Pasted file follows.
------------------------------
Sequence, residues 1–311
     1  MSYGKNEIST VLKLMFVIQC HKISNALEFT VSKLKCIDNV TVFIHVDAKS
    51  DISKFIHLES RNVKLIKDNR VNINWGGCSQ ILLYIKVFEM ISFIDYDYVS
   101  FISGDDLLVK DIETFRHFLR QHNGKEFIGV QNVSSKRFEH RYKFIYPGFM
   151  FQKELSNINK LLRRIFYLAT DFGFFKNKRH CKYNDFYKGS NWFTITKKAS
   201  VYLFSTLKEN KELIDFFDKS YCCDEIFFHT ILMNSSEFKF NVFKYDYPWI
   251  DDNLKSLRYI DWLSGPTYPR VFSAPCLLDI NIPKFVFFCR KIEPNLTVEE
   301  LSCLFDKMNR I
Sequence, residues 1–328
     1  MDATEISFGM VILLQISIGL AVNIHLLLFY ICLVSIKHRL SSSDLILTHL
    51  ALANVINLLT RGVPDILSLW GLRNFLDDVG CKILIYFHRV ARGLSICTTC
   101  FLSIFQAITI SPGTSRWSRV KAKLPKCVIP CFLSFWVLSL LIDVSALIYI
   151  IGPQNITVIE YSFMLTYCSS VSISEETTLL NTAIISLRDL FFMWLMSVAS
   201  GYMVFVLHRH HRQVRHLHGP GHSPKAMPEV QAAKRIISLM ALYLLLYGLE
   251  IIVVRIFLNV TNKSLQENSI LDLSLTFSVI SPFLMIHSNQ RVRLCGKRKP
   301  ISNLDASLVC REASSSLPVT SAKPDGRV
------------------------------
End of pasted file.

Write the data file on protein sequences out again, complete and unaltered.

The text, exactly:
Sequence, residues 1–311
     1  MSYGKNEIST VLKLMFVIQC HKISNALEFT VSKLKCIDNV TVFIHVDAKS
    51  DISKFIHLES RNVKLIKDNR VNINWGGCSQ ILLYIKVFEM ISFIDYDYVS
   101  FISGDDLLVK DIETFRHFLR QHNGKEFIGV QNVSSKRFEH RYKFIYPGFM
   151  FQKELSNINK LLRRIFYLAT DFGFFKNKRH CKYNDFYKGS NWFTITKKAS
   201  VYLFSTLKEN KELIDFFDKS YCCDEIFFHT ILMNSSEFKF NVFKYDYPWI
   251  DDNLKSLRYI DWLSGPTYPR VFSAPCLLDI NIPKFVFFCR KIEPNLTVEE
   301  LSCLFDKMNR I
Sequence, residues 1–328
     1  MDATEISFGM VILLQISIGL AVNIHLLLFY ICLVSIKHRL SSSDLILTHL
    51  ALANVINLLT RGVPDILSLW GLRNFLDDVG CKILIYFHRV ARGLSICTTC
   101  FLSIFQAITI SPGTSRWSRV KAKLPKCVIP CFLSFWVLSL LIDVSALIYI
   151  IGPQNITVIE YSFMLTYCSS VSISEETTLL NTAIISLRDL FFMWLMSVAS
   201  GYMVFVLHRH HRQVRHLHGP GHSPKAMPEV QAAKRIISLM ALYLLLYGLE
   251  IIVVRIFLNV TNKSLQENSI LDLSLTFSVI SPFLMIHSNQ RVRLCGKRKP
   301  ISNLDASLVC REASSSLPVT SAKPDGRV